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ICC Note: Ethiopia has been one of a few African nation who have been fighting with Islamic terrorism longer than most. The East African nation has been battling Al-shabaab and it’s predecessor al-Ittihad al-Islami since the 1990’s. In the decades since, Ethiopia has created a vast network of surveillance and military buffer zones to limit the terrorist groups ability to conduct operations within their borders. As a result of their efforts, many have questioned the legality of their actions as some are seen as violations of basic human rights. However, it is difficult to argue with results as Ethiopia has not experienced an attack by Al-Shabaab in over two years. Two years have gone by with no major targeting of Christians by the Islamic group as the surrounding nations have been victims of Al-Shabaab’s mission to eliminate Christians and other religious minorities. 

11/04/2015 Ethiopia (Yahoo News) – On April 2, as I waited in a doctor’s office near Nairobi, the anchor of Kenya’s morning news broadcast began reporting what would prove to be a horrific attack on Garissa University by the Somali terrorist group al-Shabab. As the early news trickled in, some people around me looked at the television screen, and others just checked their phones. Most, however, just stared impatiently at the doctor’s door.

In Kenya, another terror attack wasn’t shocking news. Indeed, the number of attacks in Kenya has more than doubled since 2013, and the assault on Garissa, which killed 148, was just the latest in a growing list of al-Shabab outside Somalia. In 2010, a suicide bombing in Uganda killed 74 people; last year, militants carried out the first suicide bombing in Djibouti’s history; and in April, Tanzanian authorities arrested 10 people carrying explosives, bomb detonators and an al-Shabab flag. Meanwhile, in Ethiopia, a country with a longer history of military involvement in Somalia and a much longer border with the country than Kenya, the number of al-Shabab attacks in recent years is … well, zero. The last attempted attack in the country happened two years ago and ended when two would-be suicide bombers blew themselves up in their safe house in the capital of Addis Ababa.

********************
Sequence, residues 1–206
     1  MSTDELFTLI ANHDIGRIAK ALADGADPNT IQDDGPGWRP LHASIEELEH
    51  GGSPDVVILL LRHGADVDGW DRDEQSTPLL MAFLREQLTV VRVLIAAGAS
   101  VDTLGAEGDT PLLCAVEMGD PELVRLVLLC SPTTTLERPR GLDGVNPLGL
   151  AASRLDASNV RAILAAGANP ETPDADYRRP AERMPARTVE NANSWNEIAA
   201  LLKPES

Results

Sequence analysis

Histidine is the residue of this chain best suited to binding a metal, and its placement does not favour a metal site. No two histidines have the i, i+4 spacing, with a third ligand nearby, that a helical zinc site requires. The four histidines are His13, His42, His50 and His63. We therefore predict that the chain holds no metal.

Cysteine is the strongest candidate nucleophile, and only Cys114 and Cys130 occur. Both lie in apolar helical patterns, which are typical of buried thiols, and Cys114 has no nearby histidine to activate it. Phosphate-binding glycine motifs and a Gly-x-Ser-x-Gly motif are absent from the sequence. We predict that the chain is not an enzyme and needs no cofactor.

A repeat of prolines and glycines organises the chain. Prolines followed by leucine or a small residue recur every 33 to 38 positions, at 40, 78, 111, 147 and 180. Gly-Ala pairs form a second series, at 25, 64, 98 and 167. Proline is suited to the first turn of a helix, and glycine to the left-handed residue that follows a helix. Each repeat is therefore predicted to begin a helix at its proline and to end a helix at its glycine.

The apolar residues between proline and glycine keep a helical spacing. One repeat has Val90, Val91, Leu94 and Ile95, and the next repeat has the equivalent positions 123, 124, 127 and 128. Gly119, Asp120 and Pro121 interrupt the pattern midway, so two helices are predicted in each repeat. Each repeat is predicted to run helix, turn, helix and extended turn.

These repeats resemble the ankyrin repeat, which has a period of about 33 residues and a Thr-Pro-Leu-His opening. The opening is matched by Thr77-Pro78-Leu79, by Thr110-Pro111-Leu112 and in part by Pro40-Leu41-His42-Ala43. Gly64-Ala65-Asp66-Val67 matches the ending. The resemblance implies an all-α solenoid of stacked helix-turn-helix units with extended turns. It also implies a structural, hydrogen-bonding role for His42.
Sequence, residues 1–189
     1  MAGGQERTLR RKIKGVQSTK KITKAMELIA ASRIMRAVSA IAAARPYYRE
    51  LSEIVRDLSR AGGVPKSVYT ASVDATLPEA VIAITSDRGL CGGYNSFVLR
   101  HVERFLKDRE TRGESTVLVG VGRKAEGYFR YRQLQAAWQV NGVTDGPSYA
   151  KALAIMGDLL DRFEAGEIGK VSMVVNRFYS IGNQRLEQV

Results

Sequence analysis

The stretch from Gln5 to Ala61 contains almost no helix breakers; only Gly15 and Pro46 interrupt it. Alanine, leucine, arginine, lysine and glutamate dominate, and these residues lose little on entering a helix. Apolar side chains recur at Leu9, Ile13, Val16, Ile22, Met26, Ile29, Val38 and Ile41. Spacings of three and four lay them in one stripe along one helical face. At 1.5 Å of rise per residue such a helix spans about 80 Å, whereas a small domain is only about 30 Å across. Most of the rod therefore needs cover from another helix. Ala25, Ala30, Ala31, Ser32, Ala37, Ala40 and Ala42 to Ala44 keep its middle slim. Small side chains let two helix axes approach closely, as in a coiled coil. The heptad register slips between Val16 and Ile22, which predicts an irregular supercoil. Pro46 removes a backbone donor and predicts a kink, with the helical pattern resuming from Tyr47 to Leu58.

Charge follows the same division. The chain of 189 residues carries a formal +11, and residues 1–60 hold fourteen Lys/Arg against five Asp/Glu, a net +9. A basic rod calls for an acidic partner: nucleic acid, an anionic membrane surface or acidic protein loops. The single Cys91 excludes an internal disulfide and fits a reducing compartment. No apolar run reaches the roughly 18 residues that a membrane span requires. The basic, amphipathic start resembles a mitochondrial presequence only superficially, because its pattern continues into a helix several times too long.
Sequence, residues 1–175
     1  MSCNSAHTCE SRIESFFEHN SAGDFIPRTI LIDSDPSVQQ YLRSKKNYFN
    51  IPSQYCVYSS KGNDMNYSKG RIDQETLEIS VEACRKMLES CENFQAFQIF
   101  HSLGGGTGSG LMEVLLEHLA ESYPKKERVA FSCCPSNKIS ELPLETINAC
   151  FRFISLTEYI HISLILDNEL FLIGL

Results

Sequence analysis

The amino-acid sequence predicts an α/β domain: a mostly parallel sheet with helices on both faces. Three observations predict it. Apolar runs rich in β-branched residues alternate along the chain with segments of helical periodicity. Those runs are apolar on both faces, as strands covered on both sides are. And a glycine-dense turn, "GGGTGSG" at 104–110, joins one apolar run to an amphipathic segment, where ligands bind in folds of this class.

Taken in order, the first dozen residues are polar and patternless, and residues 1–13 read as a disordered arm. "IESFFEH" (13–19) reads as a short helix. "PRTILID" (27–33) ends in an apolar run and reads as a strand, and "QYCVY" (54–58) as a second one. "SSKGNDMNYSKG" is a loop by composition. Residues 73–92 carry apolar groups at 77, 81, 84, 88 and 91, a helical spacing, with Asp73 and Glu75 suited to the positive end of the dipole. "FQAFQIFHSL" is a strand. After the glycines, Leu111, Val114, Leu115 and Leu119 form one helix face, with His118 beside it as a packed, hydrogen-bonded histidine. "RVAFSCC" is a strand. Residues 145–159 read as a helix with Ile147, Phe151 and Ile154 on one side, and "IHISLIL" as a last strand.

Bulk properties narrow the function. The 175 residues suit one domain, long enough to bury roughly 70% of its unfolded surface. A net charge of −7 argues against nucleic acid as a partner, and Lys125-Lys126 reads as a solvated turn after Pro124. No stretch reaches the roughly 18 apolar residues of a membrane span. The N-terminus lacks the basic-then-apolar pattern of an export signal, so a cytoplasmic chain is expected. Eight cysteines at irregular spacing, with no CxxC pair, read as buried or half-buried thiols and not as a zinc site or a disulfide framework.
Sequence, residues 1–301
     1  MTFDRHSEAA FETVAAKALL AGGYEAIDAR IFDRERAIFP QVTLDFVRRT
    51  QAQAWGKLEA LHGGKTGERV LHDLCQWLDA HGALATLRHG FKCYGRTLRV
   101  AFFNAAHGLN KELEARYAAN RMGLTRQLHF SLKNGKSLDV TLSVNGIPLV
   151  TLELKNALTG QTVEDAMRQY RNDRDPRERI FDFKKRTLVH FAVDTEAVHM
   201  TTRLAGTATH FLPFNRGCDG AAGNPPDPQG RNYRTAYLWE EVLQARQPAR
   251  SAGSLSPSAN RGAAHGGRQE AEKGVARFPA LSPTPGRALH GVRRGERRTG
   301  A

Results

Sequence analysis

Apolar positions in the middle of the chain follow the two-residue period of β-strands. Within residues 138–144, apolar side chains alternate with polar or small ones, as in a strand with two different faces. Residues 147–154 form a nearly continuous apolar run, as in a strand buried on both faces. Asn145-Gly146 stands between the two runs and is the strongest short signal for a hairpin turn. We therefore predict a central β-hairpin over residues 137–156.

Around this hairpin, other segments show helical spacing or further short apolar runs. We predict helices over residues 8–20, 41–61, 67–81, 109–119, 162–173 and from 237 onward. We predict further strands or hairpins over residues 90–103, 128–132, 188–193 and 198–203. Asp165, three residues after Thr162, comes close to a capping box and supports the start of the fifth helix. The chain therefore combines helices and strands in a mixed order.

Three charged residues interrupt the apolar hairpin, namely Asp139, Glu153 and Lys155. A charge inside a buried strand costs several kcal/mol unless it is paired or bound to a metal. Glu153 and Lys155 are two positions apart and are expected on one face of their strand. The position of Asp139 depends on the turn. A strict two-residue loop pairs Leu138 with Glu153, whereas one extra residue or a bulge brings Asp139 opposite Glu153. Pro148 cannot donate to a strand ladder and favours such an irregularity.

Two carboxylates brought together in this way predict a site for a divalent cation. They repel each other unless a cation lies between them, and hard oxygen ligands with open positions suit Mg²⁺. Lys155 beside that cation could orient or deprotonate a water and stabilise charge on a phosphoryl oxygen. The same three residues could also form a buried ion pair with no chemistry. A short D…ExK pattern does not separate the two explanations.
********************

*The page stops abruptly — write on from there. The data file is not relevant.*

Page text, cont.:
My big concern with Ethiopia is the way they are behaving … is actually going to push people into the arms of extremists.

Bronwyn Bruton, deputy director, Atlantic Council’s Africa Center

Ethiopia’s success at evading attacks might not seem so remarkable, except that even the most developed countries, including the United States, have generally floundered in their counterterrorism efforts. Yet the blueprint Ethiopia is following to thwart al-Shabab attacks — and ultimately to help stall the Islamic State’s inroads into Africa — has its own set of civil rights issues. Indeed, the country sparked its own form of an ends-justify-the-means debate, with critics saying it relies on security and intelligence gathering that is too heavy-handed.

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